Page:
Who I am in the future:
The choices I will make, my destiny, how I will contribute to this world, my lessons learned.

These three ways of looking at a problem allow us to find a variety of solutions that we otherwise wouldn’t have. Take for instance these combinations of solutions:

Problem: I just lost my job and don’t know how I’m going to pay rent.
Past input: You’ve always been amazing at getting jobs.
Present input: I will text my network to find a new job.
Future input: You hated that job anyways. Do what you were meant to do.

Problem: My client has not paid me and now they’re ignoring my calls.
Past input: My last client paid me after I threatened them with a lawyer.
Present input: I will create more work for myself to make up for the difference in income.
Future input: I will be more picky with who I work with from now on.

Eventually, this concept of past, present, and future started to get too big for my brain. “Past, present, and future” is a great way to naturally approach problems on a subconscious level.

However, when it comes to making sense of it all and trying to empathize with myself when I was being an asshole about something, “past, present, and future” wasn’t talking to me in a way I could respond to.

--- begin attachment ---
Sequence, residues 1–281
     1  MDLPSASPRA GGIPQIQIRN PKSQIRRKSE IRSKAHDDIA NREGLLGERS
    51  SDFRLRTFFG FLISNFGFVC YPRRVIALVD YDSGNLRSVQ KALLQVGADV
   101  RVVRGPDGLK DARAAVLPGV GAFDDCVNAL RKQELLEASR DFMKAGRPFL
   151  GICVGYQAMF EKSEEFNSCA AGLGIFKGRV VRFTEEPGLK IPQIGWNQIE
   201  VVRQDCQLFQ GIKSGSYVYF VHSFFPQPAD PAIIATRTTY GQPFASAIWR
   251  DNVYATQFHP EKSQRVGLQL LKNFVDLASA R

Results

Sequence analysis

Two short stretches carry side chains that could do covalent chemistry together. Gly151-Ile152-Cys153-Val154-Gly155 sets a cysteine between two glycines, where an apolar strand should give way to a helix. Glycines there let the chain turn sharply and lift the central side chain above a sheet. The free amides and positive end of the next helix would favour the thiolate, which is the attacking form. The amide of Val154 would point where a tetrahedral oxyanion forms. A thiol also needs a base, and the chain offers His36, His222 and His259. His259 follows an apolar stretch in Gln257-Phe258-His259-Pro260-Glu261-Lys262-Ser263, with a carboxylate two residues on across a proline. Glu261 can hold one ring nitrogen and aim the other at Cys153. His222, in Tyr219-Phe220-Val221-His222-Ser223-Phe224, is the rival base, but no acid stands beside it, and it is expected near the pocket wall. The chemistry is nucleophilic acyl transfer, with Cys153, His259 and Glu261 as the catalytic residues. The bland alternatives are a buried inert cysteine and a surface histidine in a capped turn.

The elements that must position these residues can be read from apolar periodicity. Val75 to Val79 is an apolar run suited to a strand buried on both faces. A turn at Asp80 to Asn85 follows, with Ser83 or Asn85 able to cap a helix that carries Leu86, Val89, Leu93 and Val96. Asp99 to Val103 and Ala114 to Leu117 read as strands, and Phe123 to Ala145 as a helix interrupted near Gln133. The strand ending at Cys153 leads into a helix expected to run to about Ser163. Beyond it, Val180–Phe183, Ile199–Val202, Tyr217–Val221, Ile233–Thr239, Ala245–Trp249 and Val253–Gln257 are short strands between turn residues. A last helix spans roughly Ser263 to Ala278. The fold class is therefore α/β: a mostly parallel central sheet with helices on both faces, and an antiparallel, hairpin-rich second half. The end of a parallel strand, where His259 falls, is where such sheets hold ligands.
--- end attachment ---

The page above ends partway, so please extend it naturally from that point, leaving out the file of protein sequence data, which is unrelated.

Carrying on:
I realized I needed a more simple and relevant way of looking at things, something that could calm the asshole down.

Now I’ll be honest right now, as far as a smooth transition between the two frameworks, I am crediting my intuition and ability to reflect for the creation of these three archetypes.

I have no clue how I went from thinking “past, present, and future” to thinking about “child, woman, and grandmother.” Shortly after my realization that “past, present, and future” weren’t working for me anymore, I realized that I had already seen a glimpse of a different way of approaching problems.